Even before Petya and WannaCry, the latest ransomware attacks, leaders of hospitals and health systems have been collaborating and fighting back against cybersecurity threats.
This spring in Virginia, for example, a statewide task force on cybersecurity coordinated by the Virginia Hospital & Healthcare Association issued a set of self-protection guidelines for VHHA members. The Virginians are not alone.
“I’ve talked to people in other states, and this is picking up,” says Dan Bowden, vice president and chief information security officer at Sentara Health, based in Norfolk, Va., and a VHHA task force member. “At least half or two-thirds of the states are working on this.”
The widespread formation of cybersecurity collaboratives across states or regions is still fairly new, although a pioneer like the Michigan Healthcare Cybersecurity Council dates to 2013. The Michigan group was formed in response to cross-industry computer security initiatives by the National Governors Association, says Lee Kim, director of privacy and security at the Healthcare Information and Management Systems Society, a trade group for the health care information technology industry.
“I’m hearing more of the state-based hospital organizations are forming cybersecurity committees and reaching across with local industries and federal officials and sharing information,” Kim says. “There are hospital councils and associations leading the charge.”
The Healthcare Association of New York State, for example, convened a forum in 2016 with experts from the Department of Homeland Security, FBI, New York City and state police to mutually address cyber defenses. The Greater New York Hospital Association scheduled a Cyber Security Program and Threat Briefing in August.
Massachusetts has its own health care cybersecurity initiative, Kim says, “but there is no national agreement in terms of how folks are doing it.”
“I think it’s fair to say all of the state hospital associations have this on their radar and are working with their members,” says Chantal Worzala, vice president, health information and policy operations, at the American Hospital Association.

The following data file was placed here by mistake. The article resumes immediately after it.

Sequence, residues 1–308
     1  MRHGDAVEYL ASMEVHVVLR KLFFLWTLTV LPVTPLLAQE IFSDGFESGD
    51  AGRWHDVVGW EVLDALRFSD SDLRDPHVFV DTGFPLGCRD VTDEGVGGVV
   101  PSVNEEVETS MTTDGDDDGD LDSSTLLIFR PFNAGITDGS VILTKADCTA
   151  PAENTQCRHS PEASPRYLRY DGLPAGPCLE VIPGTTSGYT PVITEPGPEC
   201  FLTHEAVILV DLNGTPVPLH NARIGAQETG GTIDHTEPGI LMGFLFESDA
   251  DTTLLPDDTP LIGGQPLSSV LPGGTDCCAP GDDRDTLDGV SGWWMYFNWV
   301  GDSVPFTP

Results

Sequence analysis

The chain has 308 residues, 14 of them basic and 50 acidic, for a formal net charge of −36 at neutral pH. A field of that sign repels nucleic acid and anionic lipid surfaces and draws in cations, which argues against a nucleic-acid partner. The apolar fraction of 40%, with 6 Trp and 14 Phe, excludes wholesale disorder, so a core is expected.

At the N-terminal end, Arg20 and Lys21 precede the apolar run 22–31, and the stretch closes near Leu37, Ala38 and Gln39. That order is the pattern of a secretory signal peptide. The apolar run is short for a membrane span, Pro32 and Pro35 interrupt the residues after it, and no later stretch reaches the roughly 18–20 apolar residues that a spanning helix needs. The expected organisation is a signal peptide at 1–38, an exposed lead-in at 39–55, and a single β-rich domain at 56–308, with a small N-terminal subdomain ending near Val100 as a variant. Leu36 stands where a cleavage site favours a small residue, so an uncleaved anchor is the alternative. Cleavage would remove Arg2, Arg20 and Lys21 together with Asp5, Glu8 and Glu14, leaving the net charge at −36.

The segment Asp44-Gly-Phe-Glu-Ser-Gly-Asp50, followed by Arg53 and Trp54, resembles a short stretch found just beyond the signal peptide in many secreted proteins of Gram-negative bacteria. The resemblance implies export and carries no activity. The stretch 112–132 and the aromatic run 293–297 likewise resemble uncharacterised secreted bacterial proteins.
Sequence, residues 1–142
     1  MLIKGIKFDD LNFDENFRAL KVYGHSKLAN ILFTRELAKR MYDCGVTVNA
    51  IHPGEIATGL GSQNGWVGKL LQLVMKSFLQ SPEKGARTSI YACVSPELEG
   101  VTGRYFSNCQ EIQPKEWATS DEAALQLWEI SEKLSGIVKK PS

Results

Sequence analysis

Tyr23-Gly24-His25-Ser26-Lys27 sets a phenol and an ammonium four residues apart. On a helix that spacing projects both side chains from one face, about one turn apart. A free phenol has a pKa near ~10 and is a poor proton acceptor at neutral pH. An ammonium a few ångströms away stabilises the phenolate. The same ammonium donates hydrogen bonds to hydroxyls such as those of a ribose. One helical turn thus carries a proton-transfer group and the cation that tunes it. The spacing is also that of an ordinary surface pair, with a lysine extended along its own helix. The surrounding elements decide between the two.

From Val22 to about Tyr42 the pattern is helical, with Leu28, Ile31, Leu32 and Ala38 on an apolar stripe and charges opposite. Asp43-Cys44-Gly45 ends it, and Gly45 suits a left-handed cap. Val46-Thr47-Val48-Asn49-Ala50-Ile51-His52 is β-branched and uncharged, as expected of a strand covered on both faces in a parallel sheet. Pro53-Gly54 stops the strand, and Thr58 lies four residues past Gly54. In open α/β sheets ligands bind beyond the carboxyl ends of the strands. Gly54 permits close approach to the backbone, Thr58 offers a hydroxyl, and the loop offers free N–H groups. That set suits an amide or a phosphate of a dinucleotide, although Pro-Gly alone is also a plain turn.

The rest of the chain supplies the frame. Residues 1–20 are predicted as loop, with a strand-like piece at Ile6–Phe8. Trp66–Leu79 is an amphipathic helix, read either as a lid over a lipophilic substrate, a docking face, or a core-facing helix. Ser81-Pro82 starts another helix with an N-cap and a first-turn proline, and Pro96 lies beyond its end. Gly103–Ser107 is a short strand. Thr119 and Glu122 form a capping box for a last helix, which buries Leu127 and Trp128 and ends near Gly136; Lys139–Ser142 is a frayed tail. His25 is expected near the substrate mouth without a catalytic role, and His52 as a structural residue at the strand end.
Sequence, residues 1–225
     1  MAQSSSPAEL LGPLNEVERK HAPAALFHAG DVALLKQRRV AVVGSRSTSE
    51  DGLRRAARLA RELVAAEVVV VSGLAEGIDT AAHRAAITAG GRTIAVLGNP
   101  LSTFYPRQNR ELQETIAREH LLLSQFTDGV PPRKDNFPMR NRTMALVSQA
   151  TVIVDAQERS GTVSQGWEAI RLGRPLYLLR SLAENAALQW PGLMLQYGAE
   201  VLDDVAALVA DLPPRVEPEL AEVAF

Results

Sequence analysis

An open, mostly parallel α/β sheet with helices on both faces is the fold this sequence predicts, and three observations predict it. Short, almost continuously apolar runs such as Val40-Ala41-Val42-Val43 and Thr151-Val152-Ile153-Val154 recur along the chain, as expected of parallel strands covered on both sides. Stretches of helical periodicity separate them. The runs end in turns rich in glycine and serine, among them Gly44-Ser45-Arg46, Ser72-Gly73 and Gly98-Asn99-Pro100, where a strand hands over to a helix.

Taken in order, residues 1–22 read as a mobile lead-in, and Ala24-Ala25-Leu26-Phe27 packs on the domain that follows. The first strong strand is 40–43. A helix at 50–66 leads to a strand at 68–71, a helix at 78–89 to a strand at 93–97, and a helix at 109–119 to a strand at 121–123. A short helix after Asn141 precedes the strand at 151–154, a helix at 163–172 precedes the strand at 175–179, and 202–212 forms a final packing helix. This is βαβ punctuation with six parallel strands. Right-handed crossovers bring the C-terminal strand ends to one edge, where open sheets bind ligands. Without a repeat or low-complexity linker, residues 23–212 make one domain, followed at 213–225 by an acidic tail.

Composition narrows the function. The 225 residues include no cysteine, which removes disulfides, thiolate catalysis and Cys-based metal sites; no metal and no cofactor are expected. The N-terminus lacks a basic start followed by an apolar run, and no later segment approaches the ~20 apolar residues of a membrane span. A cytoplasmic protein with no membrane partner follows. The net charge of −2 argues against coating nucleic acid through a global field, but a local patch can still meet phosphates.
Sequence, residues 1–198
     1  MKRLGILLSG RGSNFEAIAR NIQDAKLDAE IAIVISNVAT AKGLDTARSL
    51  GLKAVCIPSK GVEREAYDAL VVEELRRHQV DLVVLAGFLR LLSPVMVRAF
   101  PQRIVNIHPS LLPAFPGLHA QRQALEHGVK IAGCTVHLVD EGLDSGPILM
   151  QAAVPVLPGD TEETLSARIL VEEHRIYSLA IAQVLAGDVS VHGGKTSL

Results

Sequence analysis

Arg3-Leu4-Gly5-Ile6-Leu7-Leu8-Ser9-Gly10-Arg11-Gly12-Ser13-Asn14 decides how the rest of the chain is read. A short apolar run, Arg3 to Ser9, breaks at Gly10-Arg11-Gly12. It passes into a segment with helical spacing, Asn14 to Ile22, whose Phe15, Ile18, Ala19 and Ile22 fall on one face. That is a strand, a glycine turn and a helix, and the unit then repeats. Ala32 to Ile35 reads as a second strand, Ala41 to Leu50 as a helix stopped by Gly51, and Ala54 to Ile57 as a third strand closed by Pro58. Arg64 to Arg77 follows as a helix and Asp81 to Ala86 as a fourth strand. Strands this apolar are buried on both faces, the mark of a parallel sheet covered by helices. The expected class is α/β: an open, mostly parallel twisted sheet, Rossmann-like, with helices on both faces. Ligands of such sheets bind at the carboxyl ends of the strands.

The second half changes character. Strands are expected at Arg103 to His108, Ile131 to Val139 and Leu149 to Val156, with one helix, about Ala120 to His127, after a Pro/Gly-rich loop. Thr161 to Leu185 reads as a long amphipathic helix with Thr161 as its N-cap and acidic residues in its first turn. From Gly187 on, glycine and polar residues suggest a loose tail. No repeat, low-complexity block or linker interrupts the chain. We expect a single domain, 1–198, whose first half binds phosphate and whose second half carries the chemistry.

The AHA, meanwhile, has a host of cybersecurity resources on its website, aimed at keeping hospital and health systems leaders up to speed, Worzala says. In October in Chicago, the AHA will host its fourth regional cybersecurity training session for executives on the importance of leadership in addressing cybersecurity issues, Worzala says.
C-suite support is key, says Michael McMillan, co-founder and CEO of Cynergistek, an Austin, Texas, cybersecurity firm. “If you don’t have the right culture, the right leadership, you’d better have a really good plan to respond to these events, because you’re going to use it.”
The Virginia task force cybersecurity guidelines include more than 20 specific security recommendations. They call for employees to be not only trained in cybersecurity awareness but also periodically tested with drills, including surprise attacks using simulated email phishing scams.
The group also recommended hospitals implement advanced user authentication procedures, regularly schedule anti-malware and virus scans and institute a regime of data backups. And the task force recommended providers use encryption to better protect their most sensitive data.
In years past, security gurus have criticized the health care industry, alleging chronic underinvestment in cyberdefenses.
“Without dealing in any specifics about the degree of those investments, this entire initiative reflects the fact this is being taken very seriously and (member organizations) are dedicating significant resources to cybersecurity,” says VHHN spokesman Julian Walker.
Bowden, the Sentara CISO, sees value in statewide security collaborations like the VHHA’s.
“Within the state, we can we work together and help one another to reach a baseline of deployable security measures,” he says. “I think a lot of us have decided we’re not competing on cybersecurity, and any time one of us gets breached, it makes all of us look bad.”